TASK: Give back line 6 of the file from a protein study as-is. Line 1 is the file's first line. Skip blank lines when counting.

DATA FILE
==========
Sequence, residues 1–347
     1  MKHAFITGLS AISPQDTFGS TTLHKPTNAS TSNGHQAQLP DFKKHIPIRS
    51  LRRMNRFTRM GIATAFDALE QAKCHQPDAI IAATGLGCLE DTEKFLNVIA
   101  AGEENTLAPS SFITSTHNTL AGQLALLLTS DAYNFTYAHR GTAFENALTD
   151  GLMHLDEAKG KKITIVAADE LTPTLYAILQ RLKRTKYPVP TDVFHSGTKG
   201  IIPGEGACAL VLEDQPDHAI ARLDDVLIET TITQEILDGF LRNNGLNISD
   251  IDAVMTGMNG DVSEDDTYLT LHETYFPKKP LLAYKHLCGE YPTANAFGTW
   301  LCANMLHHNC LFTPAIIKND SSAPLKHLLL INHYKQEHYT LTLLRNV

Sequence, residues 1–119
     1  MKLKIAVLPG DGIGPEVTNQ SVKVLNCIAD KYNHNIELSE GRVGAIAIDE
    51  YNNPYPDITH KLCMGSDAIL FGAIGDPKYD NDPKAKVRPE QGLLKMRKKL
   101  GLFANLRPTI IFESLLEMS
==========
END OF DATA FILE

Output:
   201  IIPGEGACAL VLEDQPDHAI ARLDDVLIET TITQEILDGF LRNNGLNISD